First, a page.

I recommend the boot style, with the softest possible fluff on the inside. No distractions while you're in the middle of the action, and the zing of a cold wooden floor will certainly do that. Also a blanket, if that's your style. In the summer I like to write outside on the deck, but it's January now, so I'm inside, looking at a very fine falling snow, which is the best writing weather, because when it's daylight in the summer, I want to be out digging in the garden, and when its cold and snowy, I want my coffee and slippers and blanket and manuscript.

3. Like to Write
    There's more to it than just ideas, kids. Everyone has an idea. You'll need the whole story written down in a way that is consistently interesting. Like, every sentence, for hundreds and hundreds of pages. I love to write. I love the actual act of writing. I love putting words on the page and rearranging them until they make a fine little composition. Not in blog form, obviously. This is the free form jazz of my writing world. In a novel manuscript requires a bit more investment and dedication, and if it's a constant struggle to make yourself write, if you've resorted to coercing yourself into sitting down and working, this might not be for you. Writing is work, and it's usually hard. Always. Even when it's fun, it should be challenging. And that never ends, not on your first book, or your twenty first. It's kind of like marriage and children. A joy that's worth the effort, but effort none the less.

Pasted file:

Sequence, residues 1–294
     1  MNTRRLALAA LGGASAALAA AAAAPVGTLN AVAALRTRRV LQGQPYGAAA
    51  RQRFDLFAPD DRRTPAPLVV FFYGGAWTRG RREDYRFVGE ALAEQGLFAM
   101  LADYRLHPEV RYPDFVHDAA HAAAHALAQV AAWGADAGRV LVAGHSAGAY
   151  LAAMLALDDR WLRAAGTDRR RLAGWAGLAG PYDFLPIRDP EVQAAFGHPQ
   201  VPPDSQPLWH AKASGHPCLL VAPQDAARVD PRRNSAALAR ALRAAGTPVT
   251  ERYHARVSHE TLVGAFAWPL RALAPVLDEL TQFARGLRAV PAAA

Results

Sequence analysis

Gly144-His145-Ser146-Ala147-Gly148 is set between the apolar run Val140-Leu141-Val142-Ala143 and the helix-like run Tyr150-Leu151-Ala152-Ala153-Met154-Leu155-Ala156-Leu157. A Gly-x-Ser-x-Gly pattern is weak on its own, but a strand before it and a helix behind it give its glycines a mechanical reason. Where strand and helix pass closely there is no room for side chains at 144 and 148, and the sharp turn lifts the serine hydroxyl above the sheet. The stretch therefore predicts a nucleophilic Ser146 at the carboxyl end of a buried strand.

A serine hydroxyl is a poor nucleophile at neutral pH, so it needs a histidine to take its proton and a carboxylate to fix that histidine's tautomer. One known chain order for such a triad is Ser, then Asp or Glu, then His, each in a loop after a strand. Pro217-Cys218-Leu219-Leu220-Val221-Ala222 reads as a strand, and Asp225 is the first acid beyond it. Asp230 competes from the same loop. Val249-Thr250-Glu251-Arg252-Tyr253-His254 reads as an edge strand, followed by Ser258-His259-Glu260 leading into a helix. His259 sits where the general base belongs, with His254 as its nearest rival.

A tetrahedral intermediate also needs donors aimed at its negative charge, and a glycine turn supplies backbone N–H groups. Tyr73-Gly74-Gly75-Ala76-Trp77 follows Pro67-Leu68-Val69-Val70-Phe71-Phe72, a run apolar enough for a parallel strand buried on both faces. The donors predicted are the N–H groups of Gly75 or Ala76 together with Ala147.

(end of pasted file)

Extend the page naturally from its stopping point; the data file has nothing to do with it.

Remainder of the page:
4. Get Another Cat
    The problem with just one cat is that it's a cat. At some point, it's going to get all prissy, and not want to sit down for writing time. I've solved this dilemma with the adding of an additional cat. That way, they can trade shifts.

5. Write Lots of Things
     The world loves good stories, even when the writer themselves becomes the story, as it was with one Hunter S. Thompson, or Mr. Hemingway, or the Mrss. Woolf and Plath. Or the tale of how the story came to be becomes the story. Some otherwise occupied person has a dream or a vision or an epiphany on a train, and rushes off to whip out a manuscript that within years (or months) becomes the Greatest Bestselling Book in the World Ever. Props to them. But lots of writers - lots and lots and most writers - don't sell their first book. Or their second. And maybe their third gets them an agent, but it's the fourth that gets the attention of an editor, and then the fifth that sells. Really. (This is why #3 up there) Most writers are going to have to write a lot of words, in a lot of different projects, if they ever have hopes of publishing. Which leads me to my final tip